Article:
#arrayLen(blogPost.getComments())#	
    
  20. Now, loop over the comments and output them. To do this, use a <cfloop> tag. Just after the HTML comment tag, Start Comment, create a <cfloop> tag with the following attributes:
    • array: #blogPost.getComents()#
    • index: comment
  21. Place a closing </cfloop> tag before the HTML comment tag, End Comment and remove the other <li> tag.
  22. The comment object will now be available in the comment variable. Replace the date with the following code:
    #dateFormat(comment.createdDateTime,'mm/dd/yyyy')#	
    
  23. Replace the time with the following code:
    #timeformat(comment.createdDateTime,'short')#	
    
  24. Replace 'Simon Free' with the following code:
    #comment.author#	
    
  25. And finally, replace the placeholder text in the <p> tag with the following code:
    #comment.comment#	
    
  26. Your code should look similar to this:
    <ul>
    	<cfloop array="#blogPost.getComents()#" index="comment">
    	<li>
    		<p>
    			Posted On: #dateFormat(comment.createdDateTime,'mm/dd/yyyy')# at #timeformat(comment.createdDateTime,'short')# By #comment.author#
    		</p>
    		<p>
    			#comment.comment#
    		</p>
    		<div class="clr hline"> </div>
    	</li>
    	</cfloop>
    </ul>	
    
  27. Next, wrap the entire <div class="left> block in a <cfoutput> tag block. The opening <cfoutput> will start on or around line 25. The closing </cfoutput> should be placed on or around line 93.
  28. If you were to run this page now, you would see no comments as there are no comments in the system. The next step is to allow users to submit comments. Go to the top of the file and create a <cfparam> tag with the following attributes:
    • name: form.submitted
    • default: 0
  29. Next, add the logic to save the comment only if the form has been submitted. You can check if the form has been submitted by looking at the form.submitted value. After the <cfset> tag on or around line two, create a <cfif> tag, which checks if form.submitted is true. Your code should look similar to this:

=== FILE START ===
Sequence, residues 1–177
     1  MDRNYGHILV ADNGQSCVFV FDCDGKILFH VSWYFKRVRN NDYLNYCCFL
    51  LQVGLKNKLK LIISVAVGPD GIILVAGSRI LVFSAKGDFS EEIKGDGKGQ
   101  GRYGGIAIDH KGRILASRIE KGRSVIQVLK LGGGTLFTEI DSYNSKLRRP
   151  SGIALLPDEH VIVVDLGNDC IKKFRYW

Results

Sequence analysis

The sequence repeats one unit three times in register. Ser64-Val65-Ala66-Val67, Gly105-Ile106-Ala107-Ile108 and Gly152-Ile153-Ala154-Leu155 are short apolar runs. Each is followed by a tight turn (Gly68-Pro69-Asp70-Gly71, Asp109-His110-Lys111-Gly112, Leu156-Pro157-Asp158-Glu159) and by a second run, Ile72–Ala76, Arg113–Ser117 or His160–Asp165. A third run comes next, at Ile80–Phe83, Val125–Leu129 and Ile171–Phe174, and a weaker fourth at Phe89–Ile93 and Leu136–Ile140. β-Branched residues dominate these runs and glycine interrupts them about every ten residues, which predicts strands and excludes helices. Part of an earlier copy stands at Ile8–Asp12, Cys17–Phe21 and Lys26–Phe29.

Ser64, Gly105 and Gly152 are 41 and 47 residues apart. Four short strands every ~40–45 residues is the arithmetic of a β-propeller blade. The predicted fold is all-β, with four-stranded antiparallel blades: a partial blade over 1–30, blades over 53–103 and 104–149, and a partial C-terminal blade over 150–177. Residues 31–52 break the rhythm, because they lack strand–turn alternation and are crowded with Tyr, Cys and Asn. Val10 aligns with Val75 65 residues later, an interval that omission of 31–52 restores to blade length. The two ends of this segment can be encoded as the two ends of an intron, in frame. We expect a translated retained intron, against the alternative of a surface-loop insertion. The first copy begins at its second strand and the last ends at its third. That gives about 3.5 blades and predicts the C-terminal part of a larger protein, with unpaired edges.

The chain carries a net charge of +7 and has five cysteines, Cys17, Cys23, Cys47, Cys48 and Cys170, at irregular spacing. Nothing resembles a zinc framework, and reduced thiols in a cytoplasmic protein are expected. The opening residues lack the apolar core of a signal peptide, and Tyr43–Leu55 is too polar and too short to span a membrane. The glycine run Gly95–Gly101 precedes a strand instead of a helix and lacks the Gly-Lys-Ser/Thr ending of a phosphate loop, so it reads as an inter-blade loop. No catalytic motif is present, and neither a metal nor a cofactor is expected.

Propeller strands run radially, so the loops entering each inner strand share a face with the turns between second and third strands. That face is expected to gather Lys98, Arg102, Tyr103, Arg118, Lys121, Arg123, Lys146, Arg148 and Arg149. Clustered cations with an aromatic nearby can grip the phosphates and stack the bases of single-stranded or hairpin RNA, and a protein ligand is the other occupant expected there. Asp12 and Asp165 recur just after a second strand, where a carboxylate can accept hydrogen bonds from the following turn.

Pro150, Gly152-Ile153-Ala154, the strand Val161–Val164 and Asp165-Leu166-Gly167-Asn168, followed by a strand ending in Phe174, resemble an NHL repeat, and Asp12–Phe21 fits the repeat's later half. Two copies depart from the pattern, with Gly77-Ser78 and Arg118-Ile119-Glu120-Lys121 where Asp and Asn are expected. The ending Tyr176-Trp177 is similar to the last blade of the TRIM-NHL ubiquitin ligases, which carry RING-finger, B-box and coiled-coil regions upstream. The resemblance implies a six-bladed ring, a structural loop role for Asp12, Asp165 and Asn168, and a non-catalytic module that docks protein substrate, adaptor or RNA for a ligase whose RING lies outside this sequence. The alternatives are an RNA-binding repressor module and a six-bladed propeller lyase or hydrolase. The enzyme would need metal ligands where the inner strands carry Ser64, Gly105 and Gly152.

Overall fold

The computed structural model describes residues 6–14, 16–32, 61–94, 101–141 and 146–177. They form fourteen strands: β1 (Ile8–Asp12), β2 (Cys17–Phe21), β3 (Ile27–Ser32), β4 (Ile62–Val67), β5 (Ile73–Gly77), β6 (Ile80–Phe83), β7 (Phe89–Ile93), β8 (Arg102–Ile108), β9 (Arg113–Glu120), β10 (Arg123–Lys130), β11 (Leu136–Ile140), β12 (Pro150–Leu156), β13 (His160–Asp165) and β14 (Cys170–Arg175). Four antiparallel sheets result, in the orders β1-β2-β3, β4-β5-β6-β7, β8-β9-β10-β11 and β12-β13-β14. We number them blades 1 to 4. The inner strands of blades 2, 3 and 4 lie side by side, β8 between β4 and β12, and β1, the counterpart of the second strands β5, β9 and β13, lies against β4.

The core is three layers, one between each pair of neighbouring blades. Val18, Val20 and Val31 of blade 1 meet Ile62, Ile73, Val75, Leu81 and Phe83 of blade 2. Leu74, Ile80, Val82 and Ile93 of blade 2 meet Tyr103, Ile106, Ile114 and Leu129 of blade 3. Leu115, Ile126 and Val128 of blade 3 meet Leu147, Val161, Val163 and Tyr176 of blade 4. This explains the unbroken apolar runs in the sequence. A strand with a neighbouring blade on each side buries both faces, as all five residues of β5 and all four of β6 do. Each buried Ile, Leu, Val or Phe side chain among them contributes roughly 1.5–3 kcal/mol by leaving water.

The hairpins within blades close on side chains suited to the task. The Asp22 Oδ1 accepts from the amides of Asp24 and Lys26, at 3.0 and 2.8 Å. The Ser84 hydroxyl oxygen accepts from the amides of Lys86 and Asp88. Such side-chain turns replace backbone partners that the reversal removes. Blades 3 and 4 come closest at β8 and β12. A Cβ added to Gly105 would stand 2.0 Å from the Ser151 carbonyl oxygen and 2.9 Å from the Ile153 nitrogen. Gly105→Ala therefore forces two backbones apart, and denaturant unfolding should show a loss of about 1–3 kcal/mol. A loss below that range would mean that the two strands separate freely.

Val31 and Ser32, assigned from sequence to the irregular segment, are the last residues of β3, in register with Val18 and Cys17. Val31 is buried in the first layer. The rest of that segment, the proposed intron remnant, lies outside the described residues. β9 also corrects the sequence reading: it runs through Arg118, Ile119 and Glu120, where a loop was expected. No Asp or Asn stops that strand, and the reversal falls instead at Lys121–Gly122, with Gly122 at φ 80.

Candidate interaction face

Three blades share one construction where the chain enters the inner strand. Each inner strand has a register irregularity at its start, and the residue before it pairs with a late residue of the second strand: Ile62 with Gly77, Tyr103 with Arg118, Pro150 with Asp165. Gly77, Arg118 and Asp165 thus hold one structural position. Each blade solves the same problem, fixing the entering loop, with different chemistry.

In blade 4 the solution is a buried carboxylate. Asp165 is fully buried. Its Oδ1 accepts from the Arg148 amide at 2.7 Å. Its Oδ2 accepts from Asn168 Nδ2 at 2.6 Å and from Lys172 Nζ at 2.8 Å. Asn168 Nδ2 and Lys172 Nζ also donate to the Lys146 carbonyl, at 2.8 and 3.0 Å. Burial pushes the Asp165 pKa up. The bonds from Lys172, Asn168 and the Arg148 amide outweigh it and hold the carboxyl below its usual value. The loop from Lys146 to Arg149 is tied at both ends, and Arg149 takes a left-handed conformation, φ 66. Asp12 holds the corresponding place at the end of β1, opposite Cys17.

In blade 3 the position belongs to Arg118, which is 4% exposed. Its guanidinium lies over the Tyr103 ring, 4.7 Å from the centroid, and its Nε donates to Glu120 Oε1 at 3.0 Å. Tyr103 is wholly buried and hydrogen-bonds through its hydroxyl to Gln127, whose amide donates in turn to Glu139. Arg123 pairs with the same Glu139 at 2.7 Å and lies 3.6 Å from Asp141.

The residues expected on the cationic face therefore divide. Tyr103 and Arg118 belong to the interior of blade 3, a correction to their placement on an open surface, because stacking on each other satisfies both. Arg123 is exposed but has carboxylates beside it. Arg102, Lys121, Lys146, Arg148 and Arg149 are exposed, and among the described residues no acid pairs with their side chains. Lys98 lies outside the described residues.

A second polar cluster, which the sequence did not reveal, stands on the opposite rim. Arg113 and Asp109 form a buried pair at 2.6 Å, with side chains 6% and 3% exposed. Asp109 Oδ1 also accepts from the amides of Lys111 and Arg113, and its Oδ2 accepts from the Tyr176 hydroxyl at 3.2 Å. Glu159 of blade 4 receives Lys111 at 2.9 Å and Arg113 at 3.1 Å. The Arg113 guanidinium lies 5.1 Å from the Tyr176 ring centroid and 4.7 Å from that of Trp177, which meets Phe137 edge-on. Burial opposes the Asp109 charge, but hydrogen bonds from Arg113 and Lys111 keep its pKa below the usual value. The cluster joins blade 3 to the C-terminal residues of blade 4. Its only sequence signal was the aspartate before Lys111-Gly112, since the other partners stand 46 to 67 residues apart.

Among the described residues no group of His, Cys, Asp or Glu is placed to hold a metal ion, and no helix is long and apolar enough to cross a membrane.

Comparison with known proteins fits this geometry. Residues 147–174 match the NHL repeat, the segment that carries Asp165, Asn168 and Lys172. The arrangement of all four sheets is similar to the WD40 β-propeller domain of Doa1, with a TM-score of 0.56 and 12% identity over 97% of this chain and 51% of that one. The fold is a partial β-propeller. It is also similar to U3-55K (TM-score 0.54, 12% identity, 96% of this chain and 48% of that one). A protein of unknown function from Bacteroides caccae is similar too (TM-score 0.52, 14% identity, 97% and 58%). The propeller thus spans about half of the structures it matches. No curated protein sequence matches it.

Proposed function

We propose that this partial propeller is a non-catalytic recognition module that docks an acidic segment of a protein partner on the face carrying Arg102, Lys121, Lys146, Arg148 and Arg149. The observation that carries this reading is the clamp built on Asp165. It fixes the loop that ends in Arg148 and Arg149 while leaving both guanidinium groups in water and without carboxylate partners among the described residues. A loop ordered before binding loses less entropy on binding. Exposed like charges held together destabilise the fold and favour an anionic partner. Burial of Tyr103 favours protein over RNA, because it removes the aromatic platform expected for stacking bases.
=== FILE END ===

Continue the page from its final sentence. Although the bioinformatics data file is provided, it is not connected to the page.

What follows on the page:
<cfparam name="form.submitted" default="0" />
    <cfset blogPost = EntityLoad('blogPost',url.id,true) />
    <cfif form.submitted>
    	
    </cfif>	
    
  30. Inside the <cfif> block, create a new instance of the blogComment entity and set the author and comment values from the form scope. Your code should look similar to this:
    <cfset comment = entityNew('blogComment') />
    <cfset comment.author = form.author />
    <cfset comment.comment = form.comment />	
    
  31. Next, set the createdDateTime value using the now() function and add the comment to the blogPost object. Your code should look similar to this:
    <cfset comment = entityNew('blogComment') />
    <cfset comment.author = form.author />
    <cfset comment.comment = form.comment />
    <cfset comment.createdDateTime = now() />
    <cfset blogPost.addComment(comment) />	
    
  32. Now that you have created the comment and added it to the blog post, you need to save these changes by calling entitySave on the blogPost object. Add the following line of code after your last <cfset> tag:
    <cfset EntitySave(blogPost) />	
    
  33. Your final code block should look similar to this:
    <cfif form.submitted>
    	<cfset comment = entityNew('blogComment') />
    	<cfset comment.author = form.author />
    	<cfset comment.comment = form.comment />
    	<cfset comment.createdDateTime = now() />
    	<cfset blogPost.addComment(comment) />
    	<cfset EntitySave(blogPost) />
    </cfif>		
    
  34. Locate the <form> tag on or around line 78 and append the following code to the action attribute:
    #blogPost.id#
    
  35. Open up the /www/blog.cfm page in your browser. Navigate to a blog post and enter a comment. You should now see your comment displayed in the comment section.